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Day thirty seven of the quarantine: an experience

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I am starting to feel like I am keeping a diary because our lock-down has turned routine. With my recent participation in open society, for myself, I see a light at the end of the tunnel. The task is daunting for many. Healthcare workers have been working at stress levels not seen in generations. Business people have had to deal with unprecedented barriers to existence. Production elements are under stress to reopen, while not being able to secure all the necessary inputs. Any person in a position of managing anything has been left without any process, plan or guidance for any individual decision. Anyone who had any relation to travel has been left in limbo. Many have been forgotten, elsewhere in the world, then where they call home.

At our apartment, we are worried about what to feed the kids, how to keep everyone away from us, and how to entertain the kids. Keeping my job is high on the list, but as we all hope, there are so many issues up in the air hopefully there is no time for firings? Who could possible substitute me in this position anyway? The world is full of irony, tragedy and joy, but all these things are relative.

Today we were eating our morning oatmeal and my wife asked me if we had any chocolate. Being a man that often speaks before he thinks, I answered “I ate it all last night.” I don’t really eat much in terms of sweets, so my wife knew I was hiding it, but not the kids. The crying started immediately and it took a good fifteen minutes out of my morning to convince the boys that I did not actually eat the chocolate and there is some in the apartment, without letting them actually win and showing it to them. If the former were true, their world would be crumbling into pieces, a more horrendous event could not possibly be contemplated.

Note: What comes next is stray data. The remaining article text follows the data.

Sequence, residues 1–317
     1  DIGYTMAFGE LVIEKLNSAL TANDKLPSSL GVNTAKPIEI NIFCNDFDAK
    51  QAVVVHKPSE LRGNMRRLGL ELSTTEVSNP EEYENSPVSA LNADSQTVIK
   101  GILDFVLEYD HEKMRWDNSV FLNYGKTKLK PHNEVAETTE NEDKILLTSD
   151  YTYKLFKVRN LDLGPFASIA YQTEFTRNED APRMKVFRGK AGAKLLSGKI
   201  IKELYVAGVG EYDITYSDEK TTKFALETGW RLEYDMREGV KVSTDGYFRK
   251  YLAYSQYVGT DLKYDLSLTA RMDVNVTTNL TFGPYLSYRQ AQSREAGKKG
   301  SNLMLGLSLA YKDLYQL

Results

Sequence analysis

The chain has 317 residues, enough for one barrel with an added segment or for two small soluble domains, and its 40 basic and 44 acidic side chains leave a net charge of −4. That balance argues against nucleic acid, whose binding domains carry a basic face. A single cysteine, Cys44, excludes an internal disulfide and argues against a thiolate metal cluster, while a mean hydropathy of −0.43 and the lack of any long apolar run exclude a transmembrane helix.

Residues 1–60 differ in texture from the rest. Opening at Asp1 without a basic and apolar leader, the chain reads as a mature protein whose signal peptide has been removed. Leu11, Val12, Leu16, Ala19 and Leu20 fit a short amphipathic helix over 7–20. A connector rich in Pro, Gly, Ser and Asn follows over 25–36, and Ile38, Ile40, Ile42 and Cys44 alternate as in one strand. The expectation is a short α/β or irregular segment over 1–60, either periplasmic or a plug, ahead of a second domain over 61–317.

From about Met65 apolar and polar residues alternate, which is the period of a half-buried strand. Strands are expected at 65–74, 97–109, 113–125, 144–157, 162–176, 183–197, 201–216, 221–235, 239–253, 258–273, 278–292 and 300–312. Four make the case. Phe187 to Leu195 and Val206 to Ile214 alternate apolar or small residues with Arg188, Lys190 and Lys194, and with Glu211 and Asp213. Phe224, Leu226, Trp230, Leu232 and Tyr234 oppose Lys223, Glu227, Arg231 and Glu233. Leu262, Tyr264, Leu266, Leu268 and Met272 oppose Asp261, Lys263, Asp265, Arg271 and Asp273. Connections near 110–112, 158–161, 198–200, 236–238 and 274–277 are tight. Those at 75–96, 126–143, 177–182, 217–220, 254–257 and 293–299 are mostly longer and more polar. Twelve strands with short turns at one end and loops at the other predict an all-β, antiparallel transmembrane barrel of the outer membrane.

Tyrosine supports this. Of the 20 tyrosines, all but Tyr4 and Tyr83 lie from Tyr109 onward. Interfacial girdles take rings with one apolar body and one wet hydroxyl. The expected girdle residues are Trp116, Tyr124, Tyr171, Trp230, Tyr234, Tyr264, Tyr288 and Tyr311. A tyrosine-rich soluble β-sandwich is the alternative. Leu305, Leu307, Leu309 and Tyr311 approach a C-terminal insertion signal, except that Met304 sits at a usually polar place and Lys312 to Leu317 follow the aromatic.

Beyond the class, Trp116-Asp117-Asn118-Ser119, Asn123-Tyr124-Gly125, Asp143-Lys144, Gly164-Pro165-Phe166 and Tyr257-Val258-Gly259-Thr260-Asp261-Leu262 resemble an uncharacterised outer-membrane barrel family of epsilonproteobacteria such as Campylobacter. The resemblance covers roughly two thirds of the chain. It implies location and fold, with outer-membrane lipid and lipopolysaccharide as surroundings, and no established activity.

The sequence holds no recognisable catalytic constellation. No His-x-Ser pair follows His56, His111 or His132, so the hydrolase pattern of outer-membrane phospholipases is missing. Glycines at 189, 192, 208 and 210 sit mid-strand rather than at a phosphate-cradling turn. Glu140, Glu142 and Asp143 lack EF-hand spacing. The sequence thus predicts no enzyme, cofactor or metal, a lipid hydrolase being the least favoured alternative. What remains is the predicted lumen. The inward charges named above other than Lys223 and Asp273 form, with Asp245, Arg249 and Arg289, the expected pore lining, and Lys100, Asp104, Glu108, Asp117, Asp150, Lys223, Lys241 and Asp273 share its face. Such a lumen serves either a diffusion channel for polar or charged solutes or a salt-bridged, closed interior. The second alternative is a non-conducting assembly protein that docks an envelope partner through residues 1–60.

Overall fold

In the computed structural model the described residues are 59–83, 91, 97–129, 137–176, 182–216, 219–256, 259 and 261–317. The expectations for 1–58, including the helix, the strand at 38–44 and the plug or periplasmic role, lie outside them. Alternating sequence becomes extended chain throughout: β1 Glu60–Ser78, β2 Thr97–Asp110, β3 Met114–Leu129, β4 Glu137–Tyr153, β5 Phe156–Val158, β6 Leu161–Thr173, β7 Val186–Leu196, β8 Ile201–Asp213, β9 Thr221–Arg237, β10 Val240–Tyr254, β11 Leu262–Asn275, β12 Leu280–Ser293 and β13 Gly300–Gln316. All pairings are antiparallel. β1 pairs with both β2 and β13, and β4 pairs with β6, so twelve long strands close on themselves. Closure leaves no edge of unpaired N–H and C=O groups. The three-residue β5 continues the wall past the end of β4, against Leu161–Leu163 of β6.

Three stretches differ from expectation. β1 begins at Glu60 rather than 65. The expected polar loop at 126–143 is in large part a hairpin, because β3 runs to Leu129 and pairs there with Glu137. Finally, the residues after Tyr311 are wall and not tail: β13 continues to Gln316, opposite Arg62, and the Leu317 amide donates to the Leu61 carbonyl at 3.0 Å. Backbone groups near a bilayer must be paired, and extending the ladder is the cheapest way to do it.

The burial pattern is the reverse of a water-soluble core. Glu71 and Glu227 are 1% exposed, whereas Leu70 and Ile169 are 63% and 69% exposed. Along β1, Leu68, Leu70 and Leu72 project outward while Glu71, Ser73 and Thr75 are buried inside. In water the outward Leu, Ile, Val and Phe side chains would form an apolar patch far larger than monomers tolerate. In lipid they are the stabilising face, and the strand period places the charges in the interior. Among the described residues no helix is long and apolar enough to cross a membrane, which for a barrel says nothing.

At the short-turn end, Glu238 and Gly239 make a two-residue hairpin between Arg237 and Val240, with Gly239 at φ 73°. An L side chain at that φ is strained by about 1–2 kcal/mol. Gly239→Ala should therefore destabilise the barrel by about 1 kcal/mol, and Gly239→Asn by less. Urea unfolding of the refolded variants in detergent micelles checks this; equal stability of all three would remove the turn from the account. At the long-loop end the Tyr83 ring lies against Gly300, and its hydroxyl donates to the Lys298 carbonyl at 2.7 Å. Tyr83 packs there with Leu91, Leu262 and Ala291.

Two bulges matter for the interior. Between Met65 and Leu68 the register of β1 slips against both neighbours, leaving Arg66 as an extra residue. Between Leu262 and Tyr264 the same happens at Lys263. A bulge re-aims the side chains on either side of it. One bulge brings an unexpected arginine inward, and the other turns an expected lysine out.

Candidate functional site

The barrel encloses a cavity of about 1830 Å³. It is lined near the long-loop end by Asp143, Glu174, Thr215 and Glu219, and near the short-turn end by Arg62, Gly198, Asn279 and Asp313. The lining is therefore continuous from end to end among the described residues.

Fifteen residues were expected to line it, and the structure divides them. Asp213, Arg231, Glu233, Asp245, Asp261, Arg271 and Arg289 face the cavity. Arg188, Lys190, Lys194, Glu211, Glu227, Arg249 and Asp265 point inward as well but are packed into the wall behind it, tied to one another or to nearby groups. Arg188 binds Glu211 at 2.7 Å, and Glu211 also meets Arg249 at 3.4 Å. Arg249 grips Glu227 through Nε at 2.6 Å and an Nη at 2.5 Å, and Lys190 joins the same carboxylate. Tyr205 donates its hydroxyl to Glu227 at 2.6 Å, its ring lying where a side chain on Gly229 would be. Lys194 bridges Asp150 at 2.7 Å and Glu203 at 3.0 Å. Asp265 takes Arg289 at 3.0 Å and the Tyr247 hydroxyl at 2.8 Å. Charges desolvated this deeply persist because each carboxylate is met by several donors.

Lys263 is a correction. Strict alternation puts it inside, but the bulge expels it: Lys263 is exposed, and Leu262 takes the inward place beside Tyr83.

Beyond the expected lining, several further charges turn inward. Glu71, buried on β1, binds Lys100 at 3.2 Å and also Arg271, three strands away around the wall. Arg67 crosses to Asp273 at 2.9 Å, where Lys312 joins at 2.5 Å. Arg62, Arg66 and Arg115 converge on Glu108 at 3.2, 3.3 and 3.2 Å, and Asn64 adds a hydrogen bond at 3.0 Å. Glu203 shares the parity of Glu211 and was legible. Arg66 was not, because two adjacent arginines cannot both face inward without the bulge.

Another example of relativity in the era of lock-down is our own relationship between my wife and I. We are lucky to be healthy, have the liberty of home-office, enjoy the time with children etc. with some inconveniences. But last night before I went to bed I left a plate on the counter instead of putting it into the dishwasher. That caused a show down from which I quickly backed down and stayed mute. The potential for such conflicts to explode in the current environment are massive. How is it that humans can be in the midst of something terrible, yet seem to relate to unrelated things to vent anger, frustration or unwillingness to conform?

Another example of a light at the end of the tunnel was from my little pre-school. I had received an e-mail that they would be up and running as of May 19th. Apparently, the private little “almost pre-schools” were not obliged to close as they have too few children and are more of a care center. I was excited about the news but I still need to convince my wife that it is safe to go outside.

I am a believer in the recent findings and/or suspicions that the virus is much more prevalent in society than we believe. Since testing is still fairly limited, and many carriers show no symptoms, there is a possibility that much higher affection rates are the case across the globe. Perhaps we are much closer to the “herd immunity” championed by some leaders than we think.

With farmers markets, car dealerships and craft’s people being allowed to open as of this past Monday, we can get shoes repaired, phone screens replaced, shop for veggies outside and buy new cars. It’s a good idea as our economy can’t hold together without the cash circulating. So go out and buy something. Today’s lucky business was a bike shop which opened up close to where I live. I planned on having my bicycle spring tuned, unfortunately I am going to have to wait for two weeks as the demand is to great.

Paul Lysek – The idea of writing a daily update came to me by seeing, hearing and trying to understand all the things that are happening around us at this time. This story is a combination of all those sources, including friends, relatives, and experiences with attempts to bring out the satire, emotion and changing environment of the situation. It is entirely fictional, with the exception of my sarcasm.

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